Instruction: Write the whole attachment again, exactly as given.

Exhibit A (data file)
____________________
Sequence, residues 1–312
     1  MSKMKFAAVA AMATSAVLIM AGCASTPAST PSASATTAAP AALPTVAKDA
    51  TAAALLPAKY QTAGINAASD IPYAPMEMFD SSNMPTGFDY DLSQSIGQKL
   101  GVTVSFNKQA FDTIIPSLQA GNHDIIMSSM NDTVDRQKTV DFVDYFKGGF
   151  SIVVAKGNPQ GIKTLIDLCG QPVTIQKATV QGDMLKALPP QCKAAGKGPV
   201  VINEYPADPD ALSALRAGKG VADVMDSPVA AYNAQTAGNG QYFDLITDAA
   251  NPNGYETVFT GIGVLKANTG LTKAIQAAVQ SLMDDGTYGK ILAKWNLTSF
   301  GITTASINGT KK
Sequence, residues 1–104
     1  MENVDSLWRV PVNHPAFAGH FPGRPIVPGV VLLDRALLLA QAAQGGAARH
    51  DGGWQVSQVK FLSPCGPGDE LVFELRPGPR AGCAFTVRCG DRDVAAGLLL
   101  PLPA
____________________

Sequence, residues 1–312
     1  MSKMKFAAVA AMATSAVLIM AGCASTPAST PSASATTAAP AALPTVAKDA
    51  TAAALLPAKY QTAGINAASD IPYAPMEMFD SSNMPTGFDY DLSQSIGQKL
   101  GVTVSFNKQA FDTIIPSLQA GNHDIIMSSM NDTVDRQKTV DFVDYFKGGF
   151  SIVVAKGNPQ GIKTLIDLCG QPVTIQKATV QGDMLKALPP QCKAAGKGPV
   201  VINEYPADPD ALSALRAGKG VADVMDSPVA AYNAQTAGNG QYFDLITDAA
   251  NPNGYETVFT GIGVLKANTG LTKAIQAAVQ SLMDDGTYGK ILAKWNLTSF
   301  GITTASINGT KK
Sequence, residues 1–104
     1  MENVDSLWRV PVNHPAFAGH FPGRPIVPGV VLLDRALLLA QAAQGGAARH
    51  DGGWQVSQVK FLSPCGPGDE LVFELRPGPR AGCAFTVRCG DRDVAAGLLL
   101  PLPA